Post written by Jane Hunt, former inaugural CEO at Fitted for Work.

I have a fascination with TV series that get canned after a season or a few episodes. Indulging in this obsession means I’ve watched series from all around the world and from very different genres. It becomes very obvious why some programs were canned, but for others, they didn’t make it because they were too quirky, too far ahead of their time in tackling issues or just not to mainstream taste!

I recently started watching ‘My So-Called Life’ featuring a young Claire Danes. It’s about a group of young people growing up in the 80s and lasted only one season. It tackles some very difficult issues, such as abuse, and explores feelings of growing up that most young people experience: not quite fitting in and feeling like the world has tilted slightly and they haven’t quite got their bearings.

One episode focused on three female characters and their feelings about their bodies. The main character, Angela (Claire Danes), got her first pimple, and was feeling acutely self-conscious and ugly. She kept trying to hide her face and avoided people noticing her.

At the same time, her mother, Patricia, wanted to enter a mother-daughter fashion parade. She made identical dresses in fabulous Mary Quant style (worth watching just for the clothes!) for them to wear, and the funds raised supported a ‘battered women’s shelter’. Patricia wanted badly to do this with her daughter but the more she tried to convince her to participate, the more Angela experienced herself as ‘ugly’ and ‘not up to scratch’. This meant Patricia felt the distance and exerted more pressure. It was painful to watch.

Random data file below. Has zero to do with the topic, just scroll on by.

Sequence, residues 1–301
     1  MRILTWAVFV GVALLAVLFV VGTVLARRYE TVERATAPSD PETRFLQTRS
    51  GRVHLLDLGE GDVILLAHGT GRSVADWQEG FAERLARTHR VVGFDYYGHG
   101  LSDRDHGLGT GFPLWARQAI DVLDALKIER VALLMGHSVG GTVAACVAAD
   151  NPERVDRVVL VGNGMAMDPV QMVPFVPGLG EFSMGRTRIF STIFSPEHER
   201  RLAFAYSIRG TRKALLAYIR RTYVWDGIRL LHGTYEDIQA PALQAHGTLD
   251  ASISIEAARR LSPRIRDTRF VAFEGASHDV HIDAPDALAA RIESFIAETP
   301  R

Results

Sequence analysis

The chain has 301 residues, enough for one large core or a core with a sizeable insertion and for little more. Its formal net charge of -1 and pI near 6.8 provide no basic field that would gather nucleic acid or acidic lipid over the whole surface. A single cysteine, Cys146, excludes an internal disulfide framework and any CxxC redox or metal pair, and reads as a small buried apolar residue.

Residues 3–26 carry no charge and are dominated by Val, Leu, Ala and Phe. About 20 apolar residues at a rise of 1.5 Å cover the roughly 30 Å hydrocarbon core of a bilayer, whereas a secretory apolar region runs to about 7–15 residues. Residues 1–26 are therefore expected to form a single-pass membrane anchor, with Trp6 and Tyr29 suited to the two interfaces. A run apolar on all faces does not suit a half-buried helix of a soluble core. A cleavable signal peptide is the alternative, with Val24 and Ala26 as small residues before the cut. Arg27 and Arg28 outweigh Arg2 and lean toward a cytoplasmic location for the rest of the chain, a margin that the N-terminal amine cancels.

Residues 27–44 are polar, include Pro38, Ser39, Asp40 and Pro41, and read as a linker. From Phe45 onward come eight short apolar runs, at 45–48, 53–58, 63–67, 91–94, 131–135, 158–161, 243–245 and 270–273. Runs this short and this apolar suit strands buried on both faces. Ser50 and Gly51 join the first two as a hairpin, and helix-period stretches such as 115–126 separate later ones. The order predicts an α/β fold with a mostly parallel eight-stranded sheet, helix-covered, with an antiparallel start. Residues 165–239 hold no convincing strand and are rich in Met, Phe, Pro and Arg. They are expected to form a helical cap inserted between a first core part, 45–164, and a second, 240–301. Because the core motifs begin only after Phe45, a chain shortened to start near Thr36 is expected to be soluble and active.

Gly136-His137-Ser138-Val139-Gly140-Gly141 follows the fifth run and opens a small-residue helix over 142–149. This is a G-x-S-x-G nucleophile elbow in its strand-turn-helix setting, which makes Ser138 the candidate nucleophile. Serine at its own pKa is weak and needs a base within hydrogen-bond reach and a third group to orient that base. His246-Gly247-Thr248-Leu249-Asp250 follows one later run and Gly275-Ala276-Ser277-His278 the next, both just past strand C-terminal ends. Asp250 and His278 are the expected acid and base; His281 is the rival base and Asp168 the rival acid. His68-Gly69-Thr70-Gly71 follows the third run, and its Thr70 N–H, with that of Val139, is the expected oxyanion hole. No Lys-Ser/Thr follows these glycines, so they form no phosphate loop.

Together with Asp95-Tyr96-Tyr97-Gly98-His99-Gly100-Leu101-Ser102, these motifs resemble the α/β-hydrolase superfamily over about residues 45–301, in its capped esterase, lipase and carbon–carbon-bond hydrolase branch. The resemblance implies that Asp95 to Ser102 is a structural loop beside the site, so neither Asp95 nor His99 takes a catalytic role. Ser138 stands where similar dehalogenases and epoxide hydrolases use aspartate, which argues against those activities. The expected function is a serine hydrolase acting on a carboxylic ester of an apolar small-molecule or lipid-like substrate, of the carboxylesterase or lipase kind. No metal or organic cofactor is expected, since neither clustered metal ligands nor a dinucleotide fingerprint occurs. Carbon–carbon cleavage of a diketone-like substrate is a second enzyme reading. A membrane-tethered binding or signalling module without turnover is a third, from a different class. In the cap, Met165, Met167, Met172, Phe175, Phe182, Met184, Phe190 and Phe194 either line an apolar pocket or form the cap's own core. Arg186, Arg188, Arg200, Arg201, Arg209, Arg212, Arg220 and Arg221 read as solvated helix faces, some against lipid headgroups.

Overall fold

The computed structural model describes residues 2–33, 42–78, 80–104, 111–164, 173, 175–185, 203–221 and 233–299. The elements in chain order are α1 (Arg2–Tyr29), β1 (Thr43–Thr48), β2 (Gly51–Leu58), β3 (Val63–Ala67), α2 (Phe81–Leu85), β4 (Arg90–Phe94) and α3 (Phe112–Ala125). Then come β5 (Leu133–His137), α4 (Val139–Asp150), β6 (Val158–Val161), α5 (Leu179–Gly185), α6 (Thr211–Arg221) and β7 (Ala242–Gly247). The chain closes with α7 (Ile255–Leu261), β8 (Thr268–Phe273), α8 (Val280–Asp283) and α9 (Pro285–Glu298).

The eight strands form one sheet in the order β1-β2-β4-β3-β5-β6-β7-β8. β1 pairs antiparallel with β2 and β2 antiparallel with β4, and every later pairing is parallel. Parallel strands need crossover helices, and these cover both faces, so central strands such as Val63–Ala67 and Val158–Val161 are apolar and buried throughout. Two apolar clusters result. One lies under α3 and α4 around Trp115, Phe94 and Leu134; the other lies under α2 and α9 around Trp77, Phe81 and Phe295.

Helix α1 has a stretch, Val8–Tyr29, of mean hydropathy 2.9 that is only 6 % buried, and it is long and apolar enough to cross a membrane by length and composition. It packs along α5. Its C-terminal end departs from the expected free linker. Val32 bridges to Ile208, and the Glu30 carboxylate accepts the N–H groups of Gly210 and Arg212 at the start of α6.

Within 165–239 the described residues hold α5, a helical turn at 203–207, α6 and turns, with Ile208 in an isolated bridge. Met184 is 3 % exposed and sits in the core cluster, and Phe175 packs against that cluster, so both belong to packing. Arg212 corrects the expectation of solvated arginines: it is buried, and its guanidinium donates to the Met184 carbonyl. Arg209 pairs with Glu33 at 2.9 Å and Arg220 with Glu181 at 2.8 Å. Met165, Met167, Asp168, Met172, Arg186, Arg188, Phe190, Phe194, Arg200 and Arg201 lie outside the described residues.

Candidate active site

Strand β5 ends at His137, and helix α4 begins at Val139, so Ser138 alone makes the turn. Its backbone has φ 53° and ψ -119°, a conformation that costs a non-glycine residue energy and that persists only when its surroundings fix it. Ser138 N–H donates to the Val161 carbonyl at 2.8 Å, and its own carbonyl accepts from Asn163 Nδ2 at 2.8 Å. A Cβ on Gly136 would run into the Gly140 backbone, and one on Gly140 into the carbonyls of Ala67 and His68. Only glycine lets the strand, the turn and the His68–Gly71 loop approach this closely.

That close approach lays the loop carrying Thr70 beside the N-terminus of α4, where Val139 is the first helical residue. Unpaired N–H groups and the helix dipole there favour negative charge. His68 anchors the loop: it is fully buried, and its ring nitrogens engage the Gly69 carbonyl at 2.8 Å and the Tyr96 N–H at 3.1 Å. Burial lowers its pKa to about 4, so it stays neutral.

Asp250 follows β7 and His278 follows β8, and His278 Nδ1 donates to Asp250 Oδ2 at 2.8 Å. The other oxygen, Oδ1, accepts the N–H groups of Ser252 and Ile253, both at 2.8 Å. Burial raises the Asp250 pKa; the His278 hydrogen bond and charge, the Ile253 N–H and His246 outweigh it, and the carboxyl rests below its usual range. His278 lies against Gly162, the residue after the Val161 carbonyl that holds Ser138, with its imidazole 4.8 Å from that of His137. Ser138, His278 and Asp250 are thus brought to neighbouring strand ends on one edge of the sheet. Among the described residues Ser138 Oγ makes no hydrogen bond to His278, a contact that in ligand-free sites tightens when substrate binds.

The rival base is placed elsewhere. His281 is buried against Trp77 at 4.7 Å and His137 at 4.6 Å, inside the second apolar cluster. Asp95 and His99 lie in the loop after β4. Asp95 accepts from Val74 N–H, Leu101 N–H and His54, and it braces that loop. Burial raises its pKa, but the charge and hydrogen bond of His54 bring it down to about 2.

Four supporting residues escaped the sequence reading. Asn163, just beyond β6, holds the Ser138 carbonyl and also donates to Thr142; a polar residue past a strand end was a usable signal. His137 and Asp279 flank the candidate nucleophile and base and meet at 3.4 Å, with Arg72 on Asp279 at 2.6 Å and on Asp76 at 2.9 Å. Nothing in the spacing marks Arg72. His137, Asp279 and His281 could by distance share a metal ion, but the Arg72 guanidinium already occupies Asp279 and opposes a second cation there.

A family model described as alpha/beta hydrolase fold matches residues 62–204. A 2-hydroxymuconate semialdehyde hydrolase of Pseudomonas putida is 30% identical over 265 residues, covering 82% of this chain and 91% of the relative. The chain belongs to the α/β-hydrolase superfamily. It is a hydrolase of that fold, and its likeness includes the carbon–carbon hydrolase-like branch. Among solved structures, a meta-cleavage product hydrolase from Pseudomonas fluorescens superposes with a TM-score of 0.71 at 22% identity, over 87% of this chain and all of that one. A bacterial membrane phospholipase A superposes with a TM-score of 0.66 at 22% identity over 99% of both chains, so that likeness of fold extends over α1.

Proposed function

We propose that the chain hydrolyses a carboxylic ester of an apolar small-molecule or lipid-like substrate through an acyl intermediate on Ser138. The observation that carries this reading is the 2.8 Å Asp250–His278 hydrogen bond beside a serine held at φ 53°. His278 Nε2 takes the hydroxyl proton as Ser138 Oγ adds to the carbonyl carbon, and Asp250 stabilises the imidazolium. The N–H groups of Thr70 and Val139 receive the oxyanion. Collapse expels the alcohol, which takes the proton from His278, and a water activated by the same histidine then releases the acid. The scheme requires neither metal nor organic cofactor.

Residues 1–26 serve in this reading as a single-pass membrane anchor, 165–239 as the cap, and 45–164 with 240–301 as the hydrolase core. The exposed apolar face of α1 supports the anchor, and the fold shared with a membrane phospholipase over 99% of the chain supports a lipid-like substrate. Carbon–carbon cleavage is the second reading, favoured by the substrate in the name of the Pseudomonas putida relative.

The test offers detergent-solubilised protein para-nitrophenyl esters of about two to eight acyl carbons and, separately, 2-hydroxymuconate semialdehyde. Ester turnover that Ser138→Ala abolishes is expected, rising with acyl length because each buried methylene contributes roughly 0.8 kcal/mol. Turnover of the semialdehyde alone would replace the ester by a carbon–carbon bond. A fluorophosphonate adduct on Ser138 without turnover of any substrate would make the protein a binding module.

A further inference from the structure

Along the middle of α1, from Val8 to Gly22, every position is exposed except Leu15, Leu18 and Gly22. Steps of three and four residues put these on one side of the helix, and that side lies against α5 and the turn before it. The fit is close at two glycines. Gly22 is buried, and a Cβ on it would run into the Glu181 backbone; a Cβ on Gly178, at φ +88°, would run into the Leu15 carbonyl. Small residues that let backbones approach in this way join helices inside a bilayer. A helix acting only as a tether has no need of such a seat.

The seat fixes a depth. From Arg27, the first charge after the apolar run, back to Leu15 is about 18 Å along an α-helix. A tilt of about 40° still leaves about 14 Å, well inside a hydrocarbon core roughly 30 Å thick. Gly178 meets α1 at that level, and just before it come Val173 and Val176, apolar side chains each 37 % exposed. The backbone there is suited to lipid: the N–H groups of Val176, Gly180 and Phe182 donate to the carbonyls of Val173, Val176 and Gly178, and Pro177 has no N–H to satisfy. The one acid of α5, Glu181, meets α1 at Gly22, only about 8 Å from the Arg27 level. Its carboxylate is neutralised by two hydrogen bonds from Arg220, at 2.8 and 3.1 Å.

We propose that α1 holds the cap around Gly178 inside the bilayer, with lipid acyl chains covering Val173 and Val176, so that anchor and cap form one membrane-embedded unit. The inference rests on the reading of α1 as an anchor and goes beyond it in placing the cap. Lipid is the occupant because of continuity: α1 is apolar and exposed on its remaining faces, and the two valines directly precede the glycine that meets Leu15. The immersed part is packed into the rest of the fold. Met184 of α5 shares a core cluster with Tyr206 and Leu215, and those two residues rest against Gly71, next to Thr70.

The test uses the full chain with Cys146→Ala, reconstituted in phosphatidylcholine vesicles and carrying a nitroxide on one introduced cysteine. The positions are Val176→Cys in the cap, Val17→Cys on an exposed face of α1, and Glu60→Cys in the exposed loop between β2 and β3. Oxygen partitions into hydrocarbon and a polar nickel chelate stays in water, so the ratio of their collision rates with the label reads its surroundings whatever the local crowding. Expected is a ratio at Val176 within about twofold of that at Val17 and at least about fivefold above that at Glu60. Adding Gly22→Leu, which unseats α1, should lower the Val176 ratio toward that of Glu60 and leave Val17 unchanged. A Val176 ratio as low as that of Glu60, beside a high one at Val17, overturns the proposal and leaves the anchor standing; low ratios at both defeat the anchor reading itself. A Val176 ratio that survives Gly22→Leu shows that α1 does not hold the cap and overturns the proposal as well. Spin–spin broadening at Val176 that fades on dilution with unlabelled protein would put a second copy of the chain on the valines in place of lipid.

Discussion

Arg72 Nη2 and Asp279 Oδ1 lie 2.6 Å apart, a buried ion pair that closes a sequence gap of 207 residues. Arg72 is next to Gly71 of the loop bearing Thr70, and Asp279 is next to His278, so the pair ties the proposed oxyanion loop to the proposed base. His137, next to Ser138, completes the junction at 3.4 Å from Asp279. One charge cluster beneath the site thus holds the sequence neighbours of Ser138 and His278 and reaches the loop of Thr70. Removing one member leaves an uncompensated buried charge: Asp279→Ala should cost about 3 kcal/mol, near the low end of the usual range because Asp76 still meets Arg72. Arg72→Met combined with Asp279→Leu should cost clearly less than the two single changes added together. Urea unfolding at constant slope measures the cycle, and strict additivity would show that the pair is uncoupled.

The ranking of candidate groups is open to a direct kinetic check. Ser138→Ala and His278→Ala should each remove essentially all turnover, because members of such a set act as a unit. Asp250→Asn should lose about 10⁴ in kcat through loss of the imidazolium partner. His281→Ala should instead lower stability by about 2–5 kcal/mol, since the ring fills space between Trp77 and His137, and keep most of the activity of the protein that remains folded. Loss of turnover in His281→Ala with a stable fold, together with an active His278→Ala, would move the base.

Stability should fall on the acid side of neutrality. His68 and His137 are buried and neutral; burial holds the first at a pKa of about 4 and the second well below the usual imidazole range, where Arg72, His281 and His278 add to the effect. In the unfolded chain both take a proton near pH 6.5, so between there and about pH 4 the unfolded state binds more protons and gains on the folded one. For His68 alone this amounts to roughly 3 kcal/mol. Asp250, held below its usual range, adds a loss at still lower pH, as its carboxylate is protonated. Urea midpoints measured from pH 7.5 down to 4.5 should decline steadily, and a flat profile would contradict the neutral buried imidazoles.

At the same time Angela’s friend, Sharon, had been voted by a group of guys as being in the top 10 girls in the school for her ‘excellent’ breasts (yes, a very cringe-worthy act by the boys!). Angela was intensely jealous of her friend – she thought she was beautiful and attractive and getting noticed by boys, whilst Sharon was mortified and started to wear big jumpers to hide her breasts.

And so the episode plays out, with each character working through their feelings toward their bodies and each other. I found the episode very moving – I cried when Angela broke down to her mother and sobbed at just how ugly she felt. I could also relate to her mother’s comment that ‘she just never enjoyed being young and beautiful’ because she was so busy trying to ‘look and behave’ the right way. Her regret in being caught up as a young person in the wrong things was palpable.

Each of the characters confronted their feelings of shame and jealousy and questioned the why they were internalising the strong external pressures to look a particular way.

It was a reminder that for most women, myself included, being comfortable in your own skin is a journey that takes time, and it’s often a journey filled with pain and joy. The episode ends with Angela watching her mother and sister and other mothers and daughters model the dresses they have made in a fashion parade. She cries while watching them, as she sees the beauty in all of the women and feels the loving support women can give each other.

One way you can experience this strength of community is to get involved in the Jean Hailes Women’s Health Week. I am proud to be an ambassador for the Week and FFW and Dear Gladys are partners because we believe that all women should be empowered to feel comfortable in their own skin. The benefit is not just to you, but it will also ripple out to your daughter, niece, sister and grandmother.